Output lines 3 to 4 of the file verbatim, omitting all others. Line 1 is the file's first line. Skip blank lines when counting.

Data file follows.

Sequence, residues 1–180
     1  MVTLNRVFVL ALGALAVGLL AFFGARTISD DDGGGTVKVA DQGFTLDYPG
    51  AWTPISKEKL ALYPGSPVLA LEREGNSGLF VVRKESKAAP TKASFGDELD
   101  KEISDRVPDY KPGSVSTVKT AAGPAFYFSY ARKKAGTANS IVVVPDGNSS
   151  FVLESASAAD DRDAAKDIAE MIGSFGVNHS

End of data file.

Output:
    51  AWTPISKEKL ALYPGSPVLA LEREGNSGLF VVRKESKAAP TKASFGDELD
   101  KEISDRVPDY KPGSVSTVKT AAGPAFYFSY ARKKAGTANS IVVVPDGNSS